2. Your trade partner’s roster
    • What position do they need the most? What do they have an abundance of?
    • Do they have multiple players with overlapping bye weeks?
    • In Dynasty/Empire/Keeper leagues, what draft capital is available?
  3. Your scoring settings and starting requirements
    • Understand your league type and scoring settings, and the implications they may have on player value before sending, accepting, or rejecting a trade.
    • Make sure you understand the scoring settings, not every league is alike. One player’s value could be drastically different in a non-PPR league compared to a TE Premium league, or a TD heavy league.
    • Make sure you know the starting requirements, and how that impacts a player’s positional value. For example, in a Superflex league – where a “Superflex” starting position allows for a RB, WR, TE, or QB – a Quarterback’s value is going to be significantly more than in a 1QB league.
  4. Players to drop
    • Generally minor, but often overlooked. If your negotiations involve trading away one player and receiving two in return, be sure to look through your roster and determine who you would need to drop.
    • In leagues with a small bench, that player could have standalone value that may affect your desire to make the trade.
    • Alternatively, that player with standalone value could be another cog in the trade wheel. If you’re going to drop them anyway, it might not hurt to add them into your trade offerings as an attempt to seal-the-deal.
  5. Where are you at in the schedule
    • If you’re in a league with a trade deadline, you will want to consider how far away that date is. You may not be able to think about that offer for very long if you’re butting up next to the deadline.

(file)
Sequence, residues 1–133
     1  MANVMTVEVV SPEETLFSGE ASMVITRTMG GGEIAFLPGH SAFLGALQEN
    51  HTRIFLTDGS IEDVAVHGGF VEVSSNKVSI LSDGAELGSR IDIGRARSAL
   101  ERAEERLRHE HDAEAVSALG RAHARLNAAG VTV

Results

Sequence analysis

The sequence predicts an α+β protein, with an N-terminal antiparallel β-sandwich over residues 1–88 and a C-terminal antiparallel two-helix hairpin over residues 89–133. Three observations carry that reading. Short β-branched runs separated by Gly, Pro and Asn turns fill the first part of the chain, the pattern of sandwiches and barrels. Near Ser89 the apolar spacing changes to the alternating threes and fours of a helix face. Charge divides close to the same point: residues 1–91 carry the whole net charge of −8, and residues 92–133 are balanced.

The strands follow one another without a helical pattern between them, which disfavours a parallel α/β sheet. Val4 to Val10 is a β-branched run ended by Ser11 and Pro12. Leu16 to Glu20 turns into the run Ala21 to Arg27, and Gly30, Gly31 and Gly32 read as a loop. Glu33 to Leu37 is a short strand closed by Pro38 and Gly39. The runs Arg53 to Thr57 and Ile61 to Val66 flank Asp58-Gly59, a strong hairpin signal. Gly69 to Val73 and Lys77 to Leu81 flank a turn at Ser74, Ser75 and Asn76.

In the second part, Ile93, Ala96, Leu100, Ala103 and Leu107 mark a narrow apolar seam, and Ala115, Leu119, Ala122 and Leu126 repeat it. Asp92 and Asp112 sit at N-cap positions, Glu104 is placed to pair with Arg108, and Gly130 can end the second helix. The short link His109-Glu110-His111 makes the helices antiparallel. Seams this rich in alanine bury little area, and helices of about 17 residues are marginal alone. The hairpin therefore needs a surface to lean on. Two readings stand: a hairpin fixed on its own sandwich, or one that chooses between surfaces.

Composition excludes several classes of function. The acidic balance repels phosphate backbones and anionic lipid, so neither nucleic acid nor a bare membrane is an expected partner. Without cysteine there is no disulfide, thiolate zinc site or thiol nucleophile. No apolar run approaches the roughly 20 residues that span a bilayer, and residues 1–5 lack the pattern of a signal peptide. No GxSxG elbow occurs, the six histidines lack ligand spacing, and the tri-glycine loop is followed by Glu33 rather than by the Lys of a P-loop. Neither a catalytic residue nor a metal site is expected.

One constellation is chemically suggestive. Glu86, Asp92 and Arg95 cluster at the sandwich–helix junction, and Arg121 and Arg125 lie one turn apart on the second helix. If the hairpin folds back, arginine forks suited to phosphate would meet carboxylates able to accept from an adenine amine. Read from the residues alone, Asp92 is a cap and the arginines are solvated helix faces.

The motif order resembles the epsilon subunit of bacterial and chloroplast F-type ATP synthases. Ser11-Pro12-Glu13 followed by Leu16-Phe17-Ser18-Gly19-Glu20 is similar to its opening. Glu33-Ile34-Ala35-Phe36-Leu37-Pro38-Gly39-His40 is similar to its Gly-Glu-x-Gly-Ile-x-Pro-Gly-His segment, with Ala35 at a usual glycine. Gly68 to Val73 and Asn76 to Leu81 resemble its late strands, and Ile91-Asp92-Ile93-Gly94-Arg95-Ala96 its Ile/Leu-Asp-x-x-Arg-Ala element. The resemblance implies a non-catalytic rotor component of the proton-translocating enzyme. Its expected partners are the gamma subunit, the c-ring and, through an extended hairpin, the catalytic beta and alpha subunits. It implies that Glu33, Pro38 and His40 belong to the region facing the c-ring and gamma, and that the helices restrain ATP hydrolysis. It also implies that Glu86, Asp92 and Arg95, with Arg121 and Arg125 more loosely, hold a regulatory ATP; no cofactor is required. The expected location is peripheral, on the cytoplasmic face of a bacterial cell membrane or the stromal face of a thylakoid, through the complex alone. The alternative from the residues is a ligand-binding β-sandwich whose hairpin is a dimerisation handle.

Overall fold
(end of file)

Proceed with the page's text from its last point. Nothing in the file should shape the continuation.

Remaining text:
• Alternatively, you and/or your partner may be more inclined to make a deal the closer you get – especially if it could mean getting an edge in time for playoffs.

Trade Calculators

In addition to our own Trade Calculator (coming soon) and other Utilities, there are a number of other sites which use a Fantasy Trade Calculator. I recommend checking as many of them as you feel comfortable with. Your trade partner is likely looking at them too.

If you’re unfamiliar with Trade Calculators in general, check out our Utilities page where we break down how ours works. Other sites will have different methods – that’s why each calculator’s valuations are different – so it’s worth checking others out to get a better understanding of a player’s actual value.

With that said, don’t send them a screenshot of the trade calculator. Again – they’re grown adults – they can do their own homework, they don’t need your help.

Additional Information

Thanks for checking out our beginner trade strategies. Tune in to the next segment, Advanced Trade Strategies and Tips for Fantasy Football, to continue the fun. Do you have any tips and tricks for beginner fantasy players that you’d like to share? Join the conversation and drop a comment below!